Reviewer 3

This paper modifies the primal-dual form of EXTRA and shows the linear convergence of the algorithm under certain assumptions, which partially closes the gap between decentralized algorithms and centralized algorithms with the presence of the non-smooth term in theory. It also extends the convergence results of EXTRA under a stronger assumption. The proof is concise and correct. One drawback is the strong assumption it builds on. It would be helpful if this assumption can be removed or weakened.

Reviewer 4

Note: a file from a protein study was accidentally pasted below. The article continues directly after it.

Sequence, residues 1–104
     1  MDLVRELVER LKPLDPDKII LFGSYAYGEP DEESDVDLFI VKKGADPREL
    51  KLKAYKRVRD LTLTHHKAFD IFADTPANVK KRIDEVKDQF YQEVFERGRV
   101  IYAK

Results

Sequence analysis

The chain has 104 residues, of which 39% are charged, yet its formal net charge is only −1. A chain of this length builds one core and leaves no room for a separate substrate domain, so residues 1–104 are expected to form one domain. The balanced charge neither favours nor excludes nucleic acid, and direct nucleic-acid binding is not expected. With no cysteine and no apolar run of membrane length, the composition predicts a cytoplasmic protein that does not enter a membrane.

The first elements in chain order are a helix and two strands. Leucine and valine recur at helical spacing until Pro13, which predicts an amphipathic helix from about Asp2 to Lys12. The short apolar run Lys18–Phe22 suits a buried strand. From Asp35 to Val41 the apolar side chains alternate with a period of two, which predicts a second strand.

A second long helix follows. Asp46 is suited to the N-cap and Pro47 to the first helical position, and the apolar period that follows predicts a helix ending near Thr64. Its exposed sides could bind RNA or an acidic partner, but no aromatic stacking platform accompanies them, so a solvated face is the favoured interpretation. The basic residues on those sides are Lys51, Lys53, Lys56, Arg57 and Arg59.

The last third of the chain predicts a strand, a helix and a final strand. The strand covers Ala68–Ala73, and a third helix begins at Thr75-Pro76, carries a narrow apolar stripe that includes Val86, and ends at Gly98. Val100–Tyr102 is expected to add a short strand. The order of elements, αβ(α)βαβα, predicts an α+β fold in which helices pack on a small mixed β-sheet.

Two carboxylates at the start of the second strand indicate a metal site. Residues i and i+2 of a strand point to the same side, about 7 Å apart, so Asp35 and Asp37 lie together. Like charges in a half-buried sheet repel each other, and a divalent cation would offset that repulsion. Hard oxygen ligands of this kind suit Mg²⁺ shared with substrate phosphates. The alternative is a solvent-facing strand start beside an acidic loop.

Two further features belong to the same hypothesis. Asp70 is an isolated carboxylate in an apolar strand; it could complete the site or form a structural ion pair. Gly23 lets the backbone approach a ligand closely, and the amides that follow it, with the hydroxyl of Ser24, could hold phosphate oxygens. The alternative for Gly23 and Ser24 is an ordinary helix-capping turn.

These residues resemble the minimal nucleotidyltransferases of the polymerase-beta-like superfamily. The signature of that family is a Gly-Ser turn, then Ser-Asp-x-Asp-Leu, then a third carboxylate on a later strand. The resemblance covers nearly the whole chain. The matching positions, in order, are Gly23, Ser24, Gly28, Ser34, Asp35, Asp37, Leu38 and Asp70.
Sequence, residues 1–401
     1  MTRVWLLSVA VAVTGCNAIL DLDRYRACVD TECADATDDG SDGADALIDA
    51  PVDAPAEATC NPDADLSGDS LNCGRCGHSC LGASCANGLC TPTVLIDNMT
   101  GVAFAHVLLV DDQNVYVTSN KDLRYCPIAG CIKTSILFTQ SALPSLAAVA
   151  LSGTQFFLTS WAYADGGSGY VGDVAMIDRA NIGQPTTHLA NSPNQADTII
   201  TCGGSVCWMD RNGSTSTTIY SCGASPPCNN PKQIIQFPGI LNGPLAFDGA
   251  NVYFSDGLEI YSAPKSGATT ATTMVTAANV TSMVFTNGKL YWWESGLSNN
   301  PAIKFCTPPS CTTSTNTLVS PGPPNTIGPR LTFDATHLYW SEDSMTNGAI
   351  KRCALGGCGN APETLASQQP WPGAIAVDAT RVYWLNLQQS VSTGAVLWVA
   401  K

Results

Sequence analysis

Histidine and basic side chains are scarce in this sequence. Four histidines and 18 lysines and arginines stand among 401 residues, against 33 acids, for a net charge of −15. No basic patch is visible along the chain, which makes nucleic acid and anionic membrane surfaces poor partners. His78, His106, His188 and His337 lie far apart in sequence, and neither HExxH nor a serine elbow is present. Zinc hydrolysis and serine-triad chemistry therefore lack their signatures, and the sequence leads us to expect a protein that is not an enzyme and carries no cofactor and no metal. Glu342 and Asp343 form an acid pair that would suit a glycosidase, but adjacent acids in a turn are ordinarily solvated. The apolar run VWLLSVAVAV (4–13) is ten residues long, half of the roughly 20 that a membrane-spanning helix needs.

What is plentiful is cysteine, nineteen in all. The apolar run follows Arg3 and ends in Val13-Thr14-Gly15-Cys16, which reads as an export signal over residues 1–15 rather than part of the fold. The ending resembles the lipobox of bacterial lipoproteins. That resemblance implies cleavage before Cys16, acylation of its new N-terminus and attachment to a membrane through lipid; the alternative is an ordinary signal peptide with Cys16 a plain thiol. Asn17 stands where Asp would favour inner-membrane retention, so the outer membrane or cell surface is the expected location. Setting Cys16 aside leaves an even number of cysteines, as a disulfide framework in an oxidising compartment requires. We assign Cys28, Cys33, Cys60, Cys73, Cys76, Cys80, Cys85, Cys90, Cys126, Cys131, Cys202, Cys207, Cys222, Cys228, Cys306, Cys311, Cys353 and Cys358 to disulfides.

The authors provided a proof for the linear convergence rate of the relaxed EXTRA algorithm for synchronous decentralized consensus optimization. Modifications to existing methods are minor since the same relaxation and additional non-smooth regularization have been used on the same problem in the literature. The contribution is therefore in the proof of the linear rate under the assumption of strong convexity of each local objective function. The proof technique is standard as appeared in related works. Numerical experiments are carried out for a decentralized logistic regression problem. The contribution of this work is incremental but not significant. The proof requires strong convexity of all local objectives and synchronized communications which are very strict in practice. -- After response I read the response, but I'm still not convinced by the novelty and significance of this work. Similar linear convergence rate has been established for EXTRA and decentralized linearized ADMM in the literature, from which the proposed algorithm adopted the main structure. The additional extrapolation and non-smooth convex R (when handled by proximity operator) are only minor changes from the existing method and do not introduce much difficulty in convergence analysis from the optimization point of view. The significance to the ML community is also limited with the (restricted) strong convexity assumption and synchronous setting. I also disagree with the authors on their claim that the analysis in their work can be used to prove linear convergence rate for asynchronous setting, which is greatly complicated than the synchronous setting due to the excessive randomness in communications etc.